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DeWitt: Cards likely done making 'major' moves

MLB.com @LangoschMLB

ST. LOUIS -- Describing the Cardinals' 2018 roster as "strong" and "improved," principal owner Bill DeWitt Jr. suggested on Monday that the organization has wrapped up the bulk of its winter work.

"I don't really anticipate a major move between now and Spring Training," DeWitt said. "I think [president of baseball operations John Mozeliak] and [general manager Michael] Girsch did a good job of targeting certain players and getting things accomplished."

ST. LOUIS -- Describing the Cardinals' 2018 roster as "strong" and "improved," principal owner Bill DeWitt Jr. suggested on Monday that the organization has wrapped up the bulk of its winter work.

"I don't really anticipate a major move between now and Spring Training," DeWitt said. "I think [president of baseball operations John Mozeliak] and [general manager Michael] Girsch did a good job of targeting certain players and getting things accomplished."

The comments, coupled with those Mozeliak made over the weekend during his Winter Warm-Up appearance, come after weeks of speculation that the Cardinals could still pounce in what has been a slow-to-develop free-agent market. Corner infielders Eric Hosmer and Mike Moustakas remain unsigned. So are numerous starting pitchers, including Jake Arrieta and established closer Greg Holland.

DeWitt did not speak specifically about Holland, but did offer insight into how the Cardinals view the investment required to sign a free-agent closer.

"Closers are not guarantees," DeWitt said. "It's a hard job. You go over the history of closers, and it's not particularly guaranteed that you're going to get longevity.

"It's a value proposition. Is that player going to be an effective closer for us, and, if so, for how long? And what is your level of certainty there? And are you willing to give up resources -- whether it's players or dollars -- to make that bet. There is always risk. High risk in many cases."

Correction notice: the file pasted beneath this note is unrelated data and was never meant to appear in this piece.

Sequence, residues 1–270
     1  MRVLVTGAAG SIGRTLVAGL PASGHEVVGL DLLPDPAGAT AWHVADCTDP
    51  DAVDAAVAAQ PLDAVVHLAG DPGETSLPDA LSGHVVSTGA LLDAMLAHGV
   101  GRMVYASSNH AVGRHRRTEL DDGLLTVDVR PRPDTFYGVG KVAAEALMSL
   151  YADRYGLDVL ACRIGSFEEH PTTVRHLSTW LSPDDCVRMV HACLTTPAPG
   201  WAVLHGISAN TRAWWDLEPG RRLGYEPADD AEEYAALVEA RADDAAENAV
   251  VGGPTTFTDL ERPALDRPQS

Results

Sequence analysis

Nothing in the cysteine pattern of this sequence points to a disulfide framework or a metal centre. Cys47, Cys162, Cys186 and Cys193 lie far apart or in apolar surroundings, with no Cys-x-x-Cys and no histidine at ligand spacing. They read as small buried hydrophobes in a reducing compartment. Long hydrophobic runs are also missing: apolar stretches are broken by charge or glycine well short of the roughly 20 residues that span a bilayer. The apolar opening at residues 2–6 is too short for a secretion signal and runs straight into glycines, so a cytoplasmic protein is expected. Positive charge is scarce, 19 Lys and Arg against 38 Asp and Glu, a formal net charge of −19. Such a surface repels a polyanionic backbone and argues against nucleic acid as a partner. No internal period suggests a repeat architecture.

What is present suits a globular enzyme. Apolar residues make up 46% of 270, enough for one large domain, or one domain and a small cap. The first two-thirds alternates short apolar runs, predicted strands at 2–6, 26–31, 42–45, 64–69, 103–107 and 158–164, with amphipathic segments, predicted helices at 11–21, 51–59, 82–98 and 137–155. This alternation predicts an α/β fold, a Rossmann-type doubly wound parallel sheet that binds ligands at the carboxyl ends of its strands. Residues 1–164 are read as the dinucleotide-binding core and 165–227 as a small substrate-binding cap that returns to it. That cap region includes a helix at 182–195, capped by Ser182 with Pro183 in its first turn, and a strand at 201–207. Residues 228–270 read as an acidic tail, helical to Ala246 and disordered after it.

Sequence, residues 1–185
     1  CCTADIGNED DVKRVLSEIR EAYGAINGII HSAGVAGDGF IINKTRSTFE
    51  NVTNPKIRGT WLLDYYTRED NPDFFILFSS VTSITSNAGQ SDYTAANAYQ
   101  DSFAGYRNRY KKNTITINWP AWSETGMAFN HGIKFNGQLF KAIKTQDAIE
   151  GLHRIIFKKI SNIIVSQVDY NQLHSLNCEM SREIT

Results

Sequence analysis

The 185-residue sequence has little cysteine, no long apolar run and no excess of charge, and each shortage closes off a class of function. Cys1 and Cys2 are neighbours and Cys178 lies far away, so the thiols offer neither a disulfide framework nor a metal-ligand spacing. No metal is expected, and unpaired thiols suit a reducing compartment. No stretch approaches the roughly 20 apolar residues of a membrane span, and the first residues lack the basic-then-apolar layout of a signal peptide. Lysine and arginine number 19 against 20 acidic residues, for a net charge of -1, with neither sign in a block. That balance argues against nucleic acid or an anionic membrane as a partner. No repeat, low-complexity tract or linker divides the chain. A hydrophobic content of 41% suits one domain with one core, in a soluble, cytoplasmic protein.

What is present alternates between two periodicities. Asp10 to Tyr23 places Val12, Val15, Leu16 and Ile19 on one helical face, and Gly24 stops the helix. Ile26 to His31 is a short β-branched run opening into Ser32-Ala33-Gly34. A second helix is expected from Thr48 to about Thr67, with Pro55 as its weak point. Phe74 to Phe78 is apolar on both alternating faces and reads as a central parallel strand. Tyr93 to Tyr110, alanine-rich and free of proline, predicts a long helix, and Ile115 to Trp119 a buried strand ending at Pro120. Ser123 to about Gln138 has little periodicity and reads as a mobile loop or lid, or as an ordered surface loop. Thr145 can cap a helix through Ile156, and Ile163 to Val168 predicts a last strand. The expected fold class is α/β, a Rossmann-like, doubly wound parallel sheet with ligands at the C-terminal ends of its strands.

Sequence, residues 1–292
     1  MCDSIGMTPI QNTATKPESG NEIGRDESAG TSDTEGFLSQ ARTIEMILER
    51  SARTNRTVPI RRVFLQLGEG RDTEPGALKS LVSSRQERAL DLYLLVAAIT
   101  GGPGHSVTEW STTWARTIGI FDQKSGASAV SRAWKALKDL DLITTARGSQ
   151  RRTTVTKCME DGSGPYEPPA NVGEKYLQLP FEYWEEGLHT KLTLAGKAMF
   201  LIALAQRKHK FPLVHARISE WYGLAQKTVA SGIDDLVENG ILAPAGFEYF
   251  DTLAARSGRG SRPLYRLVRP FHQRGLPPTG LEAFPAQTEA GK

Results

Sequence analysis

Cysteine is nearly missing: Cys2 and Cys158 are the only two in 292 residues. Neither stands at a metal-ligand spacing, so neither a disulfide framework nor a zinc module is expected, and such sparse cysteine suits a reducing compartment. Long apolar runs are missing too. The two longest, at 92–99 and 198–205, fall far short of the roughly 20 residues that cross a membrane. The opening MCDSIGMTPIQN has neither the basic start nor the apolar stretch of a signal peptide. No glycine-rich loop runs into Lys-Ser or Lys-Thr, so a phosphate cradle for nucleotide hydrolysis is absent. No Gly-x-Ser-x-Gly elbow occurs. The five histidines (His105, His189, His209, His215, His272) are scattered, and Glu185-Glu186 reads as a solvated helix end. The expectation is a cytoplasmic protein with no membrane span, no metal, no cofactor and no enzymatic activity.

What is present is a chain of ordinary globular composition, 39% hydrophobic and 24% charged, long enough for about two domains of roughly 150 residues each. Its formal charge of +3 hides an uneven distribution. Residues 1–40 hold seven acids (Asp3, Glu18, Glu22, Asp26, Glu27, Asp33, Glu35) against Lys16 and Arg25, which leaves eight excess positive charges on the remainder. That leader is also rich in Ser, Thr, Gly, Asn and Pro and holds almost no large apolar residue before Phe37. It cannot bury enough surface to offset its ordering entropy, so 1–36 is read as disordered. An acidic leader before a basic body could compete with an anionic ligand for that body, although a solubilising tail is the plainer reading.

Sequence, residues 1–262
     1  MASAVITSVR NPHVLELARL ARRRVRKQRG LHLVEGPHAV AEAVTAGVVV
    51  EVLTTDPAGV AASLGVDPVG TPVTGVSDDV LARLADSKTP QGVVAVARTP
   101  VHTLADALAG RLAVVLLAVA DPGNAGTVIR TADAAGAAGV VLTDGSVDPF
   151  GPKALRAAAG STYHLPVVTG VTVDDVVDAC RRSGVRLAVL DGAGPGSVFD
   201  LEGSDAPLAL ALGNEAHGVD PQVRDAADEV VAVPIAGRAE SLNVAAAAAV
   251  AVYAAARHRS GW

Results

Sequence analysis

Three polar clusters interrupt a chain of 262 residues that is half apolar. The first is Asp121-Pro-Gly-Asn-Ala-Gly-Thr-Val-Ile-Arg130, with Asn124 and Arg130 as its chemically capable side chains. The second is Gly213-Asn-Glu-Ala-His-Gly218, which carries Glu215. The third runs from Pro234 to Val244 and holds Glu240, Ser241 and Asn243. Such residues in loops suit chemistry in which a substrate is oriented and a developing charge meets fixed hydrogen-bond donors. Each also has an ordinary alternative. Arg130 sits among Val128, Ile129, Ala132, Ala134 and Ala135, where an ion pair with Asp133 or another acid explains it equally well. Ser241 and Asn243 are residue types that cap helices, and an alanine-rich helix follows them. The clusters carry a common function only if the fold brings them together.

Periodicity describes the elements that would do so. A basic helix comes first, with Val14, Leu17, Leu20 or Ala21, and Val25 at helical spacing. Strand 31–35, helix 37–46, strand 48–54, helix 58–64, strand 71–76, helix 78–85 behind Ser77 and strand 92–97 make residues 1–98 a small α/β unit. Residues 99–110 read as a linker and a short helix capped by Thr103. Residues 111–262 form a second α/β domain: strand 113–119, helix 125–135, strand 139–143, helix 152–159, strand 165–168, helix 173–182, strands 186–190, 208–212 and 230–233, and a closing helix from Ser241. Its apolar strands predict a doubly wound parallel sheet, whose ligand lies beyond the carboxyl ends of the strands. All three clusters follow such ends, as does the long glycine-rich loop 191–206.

Video: Ozuna looking forward to playing with Cardinals

Mark Melancon, who signed a four-year, $62 million contract to close for the Giants, is the most recent example of such volatility. Of course, there are examples to the contrary, too. In the first-year of his long-term deal, Kenley Jansen outperformed his $10 million salary. He finished fifth in the National League Cy Young Award vote.

DeWitt also reaffirmed the club's hesitancy to give away premium prospects in order to trade for a player who is one year away from free agency. That would be the case in a pursuit of Josh Donaldson or Manny Machado.

"Do you give up a big part of your future to have a one-year run?" DeWitt said. "That's never been a goal that I would have or our organization has had. We want to be competitive every year and have a shot to get into October."

If the Cardinals are indeed done with their offseason transactions, they will enter Spring Training having made three key additions. Marcell Ozuna fits as the impact bat the club desired. Miles Mikolas will fill the rotation vacancy. And Luke Gregerson will get the first crack as closer.

Jenifer Langosch has covered the Cardinals for MLB.com since 2012, and previously covered the Pirates from 2007-11. Follow her on Twitter and Facebook.

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